Review a premises licence / club premises certificate
A review is an application to us to consider whether a particular premises is being conducted in accordance with their licence and the terms of the Licensing Act 2003, and to consider taking appropriate action.
A review should not be the first stage in taking action to deal with concerns about licensed premises. Anyone with concerns about such premises should consider whether these could be dealt with by other means, for example:
- asking the licence holder or club secretary to take steps to rectify the situation
- asking the relevant responsible authority whether there is other legislation which could be used to solve the problem. For instance, Environmental Health may be able to help deal with noise nuisance or the Police may be able to help in cases of crime and disorder at licensed premises.
Making an application for review
Under the Licensing Act 2003, a responsible authority or any other person can make an application for review of a premises licence or review of a club premises certificate. Applications for review are in the public domain and form part of the published licensing register.
Apply for a review
It is the responsibility of the applicant for review to complete the prescribed form in full, and to serve the original to us, send copies to each of the responsible authorities and to the holder of the premises licence or club secretary. Failure to fully complete the form and serve the copies on each responsible authority and the premises licence holder as required will render the application void.
To apply for a review, complete the email@example.com return to us by email to
Only review applications that relate to at least 1 of the 4 licensing objectives can be considered. The licensing objectives are:
- the prevention of crime and disorder
- public safety
- the prevention of public nuisance
- the protection of children from harm
Review applications must clearly relate to the premises for which the review application is being made. For example, representations on the basis of general noise and disturbance, without evidence of a causal link to specific premises, are unlikely to be persuasive.
If the review application is valid in every other respect, the we are obliged to consider whether the review is frivolous, vexatious or repetitious.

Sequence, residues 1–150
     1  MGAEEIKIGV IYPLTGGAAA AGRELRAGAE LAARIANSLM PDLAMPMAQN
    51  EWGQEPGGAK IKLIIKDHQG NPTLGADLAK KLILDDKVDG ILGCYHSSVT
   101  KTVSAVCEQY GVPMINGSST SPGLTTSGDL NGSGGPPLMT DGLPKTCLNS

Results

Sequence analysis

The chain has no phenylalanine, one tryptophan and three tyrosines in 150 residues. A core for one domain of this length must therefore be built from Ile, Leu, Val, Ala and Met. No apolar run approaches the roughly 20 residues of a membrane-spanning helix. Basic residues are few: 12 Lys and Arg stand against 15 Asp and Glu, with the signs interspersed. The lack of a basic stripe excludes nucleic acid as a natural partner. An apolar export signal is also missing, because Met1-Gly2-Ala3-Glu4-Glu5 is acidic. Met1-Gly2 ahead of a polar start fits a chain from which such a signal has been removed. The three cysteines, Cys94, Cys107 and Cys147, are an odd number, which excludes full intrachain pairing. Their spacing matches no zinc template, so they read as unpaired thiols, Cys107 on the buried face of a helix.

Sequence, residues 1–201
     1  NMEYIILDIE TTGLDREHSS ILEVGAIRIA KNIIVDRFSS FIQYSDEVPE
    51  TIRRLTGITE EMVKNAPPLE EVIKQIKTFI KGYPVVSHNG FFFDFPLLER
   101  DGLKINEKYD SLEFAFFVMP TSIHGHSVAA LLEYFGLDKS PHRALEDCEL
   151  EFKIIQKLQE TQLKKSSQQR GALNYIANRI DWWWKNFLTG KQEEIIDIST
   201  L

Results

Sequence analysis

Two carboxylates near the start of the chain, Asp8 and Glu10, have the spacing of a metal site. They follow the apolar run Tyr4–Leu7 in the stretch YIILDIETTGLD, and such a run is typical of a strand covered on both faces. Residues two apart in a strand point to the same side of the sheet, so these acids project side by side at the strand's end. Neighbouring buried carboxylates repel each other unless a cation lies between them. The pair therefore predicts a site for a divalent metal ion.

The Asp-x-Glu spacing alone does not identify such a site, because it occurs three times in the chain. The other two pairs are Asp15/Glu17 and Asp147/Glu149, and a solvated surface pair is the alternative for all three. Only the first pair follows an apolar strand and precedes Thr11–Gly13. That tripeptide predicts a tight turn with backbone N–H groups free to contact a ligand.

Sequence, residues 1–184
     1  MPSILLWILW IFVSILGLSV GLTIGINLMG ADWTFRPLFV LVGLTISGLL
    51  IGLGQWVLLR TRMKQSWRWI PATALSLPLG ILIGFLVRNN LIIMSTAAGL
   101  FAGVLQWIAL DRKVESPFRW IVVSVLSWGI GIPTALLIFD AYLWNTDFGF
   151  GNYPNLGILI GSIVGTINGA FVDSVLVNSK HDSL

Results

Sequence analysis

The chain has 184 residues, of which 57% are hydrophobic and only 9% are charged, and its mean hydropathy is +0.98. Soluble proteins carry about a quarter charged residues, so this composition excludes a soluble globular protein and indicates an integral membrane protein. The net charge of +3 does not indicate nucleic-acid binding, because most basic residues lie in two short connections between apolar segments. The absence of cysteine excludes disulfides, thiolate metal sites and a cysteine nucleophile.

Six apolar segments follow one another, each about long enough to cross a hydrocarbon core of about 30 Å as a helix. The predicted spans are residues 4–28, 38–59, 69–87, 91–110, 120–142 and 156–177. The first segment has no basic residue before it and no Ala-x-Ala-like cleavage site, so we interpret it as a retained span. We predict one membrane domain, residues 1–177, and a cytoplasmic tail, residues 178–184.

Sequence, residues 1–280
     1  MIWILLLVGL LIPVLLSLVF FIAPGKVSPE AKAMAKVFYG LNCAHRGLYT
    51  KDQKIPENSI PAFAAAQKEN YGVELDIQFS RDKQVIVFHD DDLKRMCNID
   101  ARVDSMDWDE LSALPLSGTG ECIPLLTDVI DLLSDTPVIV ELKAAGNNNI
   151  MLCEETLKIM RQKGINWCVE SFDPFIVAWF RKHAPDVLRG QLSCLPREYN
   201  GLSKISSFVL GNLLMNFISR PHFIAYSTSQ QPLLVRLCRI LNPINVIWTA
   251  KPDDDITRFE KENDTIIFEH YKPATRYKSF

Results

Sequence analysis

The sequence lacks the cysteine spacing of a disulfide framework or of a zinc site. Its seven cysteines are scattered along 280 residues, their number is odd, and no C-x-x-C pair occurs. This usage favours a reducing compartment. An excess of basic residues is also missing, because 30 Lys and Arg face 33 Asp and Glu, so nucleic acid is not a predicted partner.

As a general rule, frivolous representations are likely to lack seriousness. This does not mean that a trivial complaint would always be considered frivolous, but it must be serious and be of some substance. It must also relate to 1 or more of the licensing objectives.
Vexatious representations may, for example, arise because of disputes between rival businesses.
A review application will be repetitious if it is identical or substantially similar to a ground of a previous review or representation on an application for the same premises, and a reasonable interval has not elapsed since the previous consideration by us. Statutory guidance suggests that 12 months may be a "reasonable interval" in most circumstances.
If a review application is declared frivolous, vexatious or repetitious, the application will be rejected and the applicant will be notified of the reasons for the decision. The legislation does not provide any right of appeal against such a decision.
What happens if the review application is valid?
We will arrange for the display of a notice of the application for review on or adjacent to the premises, at the Civic Offices and on the public registers web page for a period of 28 days (7 days in limited circumstances), during which any responsible authority or other person may make a representation about the application.
Can representations be made to every application for review?
Yes, provided those making representations are either responsible authorities or from other persons. Representations that are irrelevant, frivolous or vexatious must be disregarded, so, on receipt, we will check that the representations can be considered. In border line cases the representations will be placed before the Licensing Sub-Committee, who may choose not to consider them.
View more information on representations.
Is a hearing always required?
Yes, the Licensing Sub Committee will need to meet even if to endorse any prior agreements made by all parties or, where no agreement has been reached, to hear the review application on merit and make any decision based on promoting the licensing objectives.
Making a decision
The Licensing Committee is made up of elected members of the council and the Licensing Sub-Committee will comprise of any 3 of those members. The Sub-Committee considers applications quasi-judicially - evidence is not heard on oath as in a court, but the sub-committee is required to determine applications in accordance with the evidence before it at the hearing.
A report and details of all representations (including names and addresses) will be considered. These reports are public documents which we are required to publish.
We will notify everyone of the date and time of the hearing and provide details of the procedure to be followed at the hearing.
At the hearing, the sub-committee may take one or more of the following steps:
- to take no further action
- to modify the conditions of the licence
- to exclude a licensable activity from the scope of the licence
- to remove the designated premises supervisor
- to suspend the licence for a period not exceeding 3 months
- to revoke the licence
Appeal a decision
Any party to the hearing can appeal to Lancashire Magistrates' Court within 21 days of the decision of the sub-committee. Anyone considering an appeal is strongly advised to take professional legal advice prior to commencing this potentially costly course of action.